By David T. Kratt
What would your single best piece of advice be to a trainee bartender? Your time will come to train a bartender, if it already hasn’t. My advice would be to watch other bartenders at work – and not just co-workers. Go to other bars and be a customer. Here too are a few examples of what your trainee might miss if you don’t mention them:
Never give any “back”
Why is the attentiveness of some bartenders always right on while others seem to forget their customers are sitting at the bar? One answer is that the experienced bartender will try to stand behind the bar in such a way that her back is not to the bar for very long. This way she can constantly scan the bar, which means her customers don’t have to try too hard to get her attention and they never feel forgotten.
Take everything in stride
On his way from one end of the bar to the other, he will keep an eye open for customers needing anything and will scan areas behind the bar that may trigger his memory about things he had forgot to do, such as recording a sale. He will also take a moment, which will save steps later, to clean up the area around one customer and ask another if she would like more water. Then on his way back, he grabs a handful of clean glasses in one hand but leaves the other hand free for the lady’s empty water glass.
Use what you’ve got to the fullest
You’ve probably seen a server at a diner stack three or four full dinner plates up one arm and then carry a couple more with her other hand. Bartenders also use what they got. An experienced bartender can use both hands equally well and uses all fingers and thumbs to the max. For example, she picks up a customer’s tab and twenty-dollar bill and holds it between her ring and pinky fingers. She picks up two highball glasses with that same hand and three glasses in the other hand; then heads back to the service station.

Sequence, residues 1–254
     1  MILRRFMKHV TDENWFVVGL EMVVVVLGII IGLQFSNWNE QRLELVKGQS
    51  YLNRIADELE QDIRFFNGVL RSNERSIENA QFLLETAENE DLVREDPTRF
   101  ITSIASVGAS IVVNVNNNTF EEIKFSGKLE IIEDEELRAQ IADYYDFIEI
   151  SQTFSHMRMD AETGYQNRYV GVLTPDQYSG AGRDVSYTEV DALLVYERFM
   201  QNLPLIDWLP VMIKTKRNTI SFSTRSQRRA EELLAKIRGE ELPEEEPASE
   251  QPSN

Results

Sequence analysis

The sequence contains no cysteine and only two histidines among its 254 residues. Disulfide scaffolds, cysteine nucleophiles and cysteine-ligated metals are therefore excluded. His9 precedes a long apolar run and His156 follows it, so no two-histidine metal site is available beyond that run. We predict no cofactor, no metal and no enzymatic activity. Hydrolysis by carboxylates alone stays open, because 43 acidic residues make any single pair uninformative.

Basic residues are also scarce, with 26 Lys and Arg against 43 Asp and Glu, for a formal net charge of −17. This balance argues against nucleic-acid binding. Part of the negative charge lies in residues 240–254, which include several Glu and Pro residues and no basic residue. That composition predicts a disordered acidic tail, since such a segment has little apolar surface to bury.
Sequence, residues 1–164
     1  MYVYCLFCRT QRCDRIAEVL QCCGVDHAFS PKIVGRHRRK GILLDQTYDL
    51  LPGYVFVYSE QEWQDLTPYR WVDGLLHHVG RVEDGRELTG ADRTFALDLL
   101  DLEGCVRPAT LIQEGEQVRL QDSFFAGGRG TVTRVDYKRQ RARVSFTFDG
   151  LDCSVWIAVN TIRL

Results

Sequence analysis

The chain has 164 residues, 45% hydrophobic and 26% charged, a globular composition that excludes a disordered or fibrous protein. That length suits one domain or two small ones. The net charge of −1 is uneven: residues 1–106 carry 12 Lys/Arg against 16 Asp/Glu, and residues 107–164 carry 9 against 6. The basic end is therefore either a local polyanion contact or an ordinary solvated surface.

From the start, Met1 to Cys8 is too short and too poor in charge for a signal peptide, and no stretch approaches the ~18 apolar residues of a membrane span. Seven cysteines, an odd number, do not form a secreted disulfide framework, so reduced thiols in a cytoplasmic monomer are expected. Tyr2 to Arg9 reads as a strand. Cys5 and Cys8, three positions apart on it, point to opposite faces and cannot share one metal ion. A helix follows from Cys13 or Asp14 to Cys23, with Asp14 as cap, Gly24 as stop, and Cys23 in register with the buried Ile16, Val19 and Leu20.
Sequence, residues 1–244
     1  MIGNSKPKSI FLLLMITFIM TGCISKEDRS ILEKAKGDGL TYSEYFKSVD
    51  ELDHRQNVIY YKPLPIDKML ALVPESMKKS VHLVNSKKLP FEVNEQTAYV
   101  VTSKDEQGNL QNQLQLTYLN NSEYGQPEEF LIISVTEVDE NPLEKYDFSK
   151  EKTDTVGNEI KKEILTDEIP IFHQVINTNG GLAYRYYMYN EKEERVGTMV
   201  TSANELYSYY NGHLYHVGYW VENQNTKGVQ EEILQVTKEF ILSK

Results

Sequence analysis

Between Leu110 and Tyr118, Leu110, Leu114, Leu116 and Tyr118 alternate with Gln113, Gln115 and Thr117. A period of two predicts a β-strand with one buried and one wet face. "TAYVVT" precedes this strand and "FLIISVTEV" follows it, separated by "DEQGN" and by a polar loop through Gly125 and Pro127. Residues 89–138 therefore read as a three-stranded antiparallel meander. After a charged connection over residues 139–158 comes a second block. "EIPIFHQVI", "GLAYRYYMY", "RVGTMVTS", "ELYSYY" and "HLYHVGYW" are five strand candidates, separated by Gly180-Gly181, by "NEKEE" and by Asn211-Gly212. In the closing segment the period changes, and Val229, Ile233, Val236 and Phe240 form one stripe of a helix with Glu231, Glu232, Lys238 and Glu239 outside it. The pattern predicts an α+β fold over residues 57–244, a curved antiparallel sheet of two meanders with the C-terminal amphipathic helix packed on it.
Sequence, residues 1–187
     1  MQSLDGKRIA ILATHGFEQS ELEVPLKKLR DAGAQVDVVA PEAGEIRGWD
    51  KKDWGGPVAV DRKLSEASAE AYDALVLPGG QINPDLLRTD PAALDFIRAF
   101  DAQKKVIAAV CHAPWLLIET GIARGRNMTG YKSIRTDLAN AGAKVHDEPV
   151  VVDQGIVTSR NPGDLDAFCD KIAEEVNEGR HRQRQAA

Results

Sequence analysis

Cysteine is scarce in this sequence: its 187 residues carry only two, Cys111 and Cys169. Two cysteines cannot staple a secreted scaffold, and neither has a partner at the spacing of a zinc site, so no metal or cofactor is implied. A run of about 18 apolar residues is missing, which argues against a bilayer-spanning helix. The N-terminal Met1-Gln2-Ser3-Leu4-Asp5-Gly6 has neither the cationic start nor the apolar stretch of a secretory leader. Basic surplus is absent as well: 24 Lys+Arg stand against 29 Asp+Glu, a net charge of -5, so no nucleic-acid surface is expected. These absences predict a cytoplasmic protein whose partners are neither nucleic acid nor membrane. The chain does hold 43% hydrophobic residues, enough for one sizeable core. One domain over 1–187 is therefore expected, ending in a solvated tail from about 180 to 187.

Full throttle and frazzle free
During the busy times, your trainee should be able to spot the inexperienced bartender of the two behind the bar. Not getting frazzled during the busy times separates the experienced from the inexperienced. Explain to your trainee that there is still more to learn after being promoted to a full-fledge, carry-a-full-load bartender. Tell your trainee to watch how experienced bartenders work through the busy times full throttle and frazzle free and then easily return to the idle position during breaks in the action.
And in the process …
After observing at other bars, your trainee will learn about how other bartenders, good and not so good, do it. They should also learn a more valuable lesson of why a bartender is good or not so good from a customer’s point of view.
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